On the one hand, there’s a God-fearing widow.  And widows in the ancient world, as we know, had it rough.  There was no social security system.  There was no Medicare.  And unless she had a son to take care of her or some other unlikely benefactor, she was largely on her own to make ends meet.  Widows in the ancient world were easy targets for bullies.

On the other hand, there’s a self-serving judge, who cares nothing about God and even less about the dignity of other persons.  In short, he is a key player in the system which is already stacked against the marginalized and oppressed.

We followers of Christ are meant, of course, to identify with the widow.

Early Christians were marginalized and oppressed.  Out of necessity, they had to work within the extant Roman system to make a way forward—within a system that cared nothing about God and even less about the dignity of the marginalized; within a system that was stacked against them.

But what does this mean for us today?  What should our identification with the widow look like?

Are we to spend our time in prayer, as Luke’s own commentary states—“Then Jesus told them a parable about their need to pray always and not to lose heart” (v.1, emphasis added)?  Or are we to engage in persistent work, like the widow did, who kept coming, over and over, to the unjust judge until he gave in?

More simply, is this a parable about praying or doing?  As Christians, are we called to hope or to act?

And thus the tension of which I speak.

The Bible is full of examples of people—at both the individual and the community levels—who couldn’t do anything about their present situation; who were left with no other option but to hope.

Adam and Eve disobeyed God.  God then promised redemption and reconciliation.  But when would it come?  Adam and Eve couldn’t do anything about said redemption and reconciliation: they were left just to hope.

A similar scenario plays out with the death of Abel and banishment of Cain.  How would God redeem the cosmos now?  They could only wait—and hope.

And do you remember the story of Joseph?  He was sold into slavery—by his own jealous, ungrateful, entitled brothers.  What could he do but cry out to God in hope?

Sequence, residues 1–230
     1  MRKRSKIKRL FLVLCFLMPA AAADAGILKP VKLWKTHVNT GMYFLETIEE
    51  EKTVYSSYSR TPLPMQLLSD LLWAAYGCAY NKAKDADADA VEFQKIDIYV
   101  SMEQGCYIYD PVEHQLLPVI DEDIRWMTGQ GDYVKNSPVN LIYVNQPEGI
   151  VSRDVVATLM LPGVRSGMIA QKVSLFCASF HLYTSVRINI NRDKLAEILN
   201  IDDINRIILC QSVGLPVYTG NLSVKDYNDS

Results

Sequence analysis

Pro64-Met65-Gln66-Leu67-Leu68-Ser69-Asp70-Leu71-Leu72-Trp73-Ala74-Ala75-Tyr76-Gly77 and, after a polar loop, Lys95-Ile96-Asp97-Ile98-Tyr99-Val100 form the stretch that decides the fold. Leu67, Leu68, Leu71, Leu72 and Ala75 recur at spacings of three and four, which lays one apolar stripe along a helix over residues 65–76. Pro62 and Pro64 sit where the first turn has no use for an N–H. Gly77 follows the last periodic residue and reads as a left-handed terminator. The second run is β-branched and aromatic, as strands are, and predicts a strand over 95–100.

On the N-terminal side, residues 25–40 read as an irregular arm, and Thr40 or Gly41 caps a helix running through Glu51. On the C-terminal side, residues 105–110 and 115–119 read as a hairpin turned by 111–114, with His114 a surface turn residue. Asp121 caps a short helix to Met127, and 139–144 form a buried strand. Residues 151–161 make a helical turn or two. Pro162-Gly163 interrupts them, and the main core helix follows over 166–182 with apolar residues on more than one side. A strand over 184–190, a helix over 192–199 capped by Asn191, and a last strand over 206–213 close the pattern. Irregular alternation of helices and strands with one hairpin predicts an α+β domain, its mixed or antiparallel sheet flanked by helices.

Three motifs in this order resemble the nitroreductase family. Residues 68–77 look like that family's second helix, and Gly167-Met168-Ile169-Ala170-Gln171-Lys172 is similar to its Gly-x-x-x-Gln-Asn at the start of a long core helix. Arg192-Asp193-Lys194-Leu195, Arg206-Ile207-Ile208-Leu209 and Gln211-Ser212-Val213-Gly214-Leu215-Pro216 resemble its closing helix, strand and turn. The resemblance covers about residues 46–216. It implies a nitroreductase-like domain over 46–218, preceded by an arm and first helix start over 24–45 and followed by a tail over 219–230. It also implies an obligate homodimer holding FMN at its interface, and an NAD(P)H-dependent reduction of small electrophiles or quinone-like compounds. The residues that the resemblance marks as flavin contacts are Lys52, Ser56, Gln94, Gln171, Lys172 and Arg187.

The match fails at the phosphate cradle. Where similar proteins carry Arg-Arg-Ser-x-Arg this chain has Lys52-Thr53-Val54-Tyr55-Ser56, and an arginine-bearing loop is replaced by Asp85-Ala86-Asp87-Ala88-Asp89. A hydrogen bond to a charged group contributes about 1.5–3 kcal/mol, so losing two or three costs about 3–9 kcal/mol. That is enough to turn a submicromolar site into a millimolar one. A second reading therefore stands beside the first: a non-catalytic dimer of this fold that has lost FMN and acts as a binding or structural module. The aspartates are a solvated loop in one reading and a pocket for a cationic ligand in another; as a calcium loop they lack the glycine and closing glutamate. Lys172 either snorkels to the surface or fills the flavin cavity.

Indeed, throughout the Old and New Testaments we hear story after story of individual widows, orphans, and slaves who are powerless to do anything about their respective situations; who can only hope through prayer.

And it’s the same at the community level.  Famines hit whole nations; war comes upon communities suddenly and unexpectedly; the nation of Israel becomes enslaved to Egypt.  What else can they do but cry out to God?

And, as you know, it’s not just the Bible.  People throughout history have been left with nothing they can do about their present situation—with nothing in their power but hope through prayer.

Yet, on the other hand, I can also think of numerous examples where people actually can do something about it.

“Be strong and courageous; enter the land of promise,” Joshua commanded the people of Israel.

“Go and make disciples of all nations,” Jesus commanded.  And, “You will be my witnesses in Jerusalem, Judea, all Samaria, and even to the ends of the earth.”

Moses led.  David protected.  Peter founded.  Paul preached.

In more modern times, Martin Luther King, Junior stood fast against systemic injustice.

Often times we are in fact called to act.  And, it seems reasonable to me, if we do not act it is to commit the sin of omission (as we name it in one of our prayers).

So, then, which is it? Hope or action?

To which I answer, yes.

The examples I’ve given are specific situations.  Of course there are times when individuals and communities will have no choice at all but to hope through prayer!  Likewise, of course there are specific times when individuals and communities will be called to act so that it feels as if hardly any prayer is taking place at all!

But our theology of prayer must not be formed from these polar extremes.  Informed by them, yes.  But not formed from them.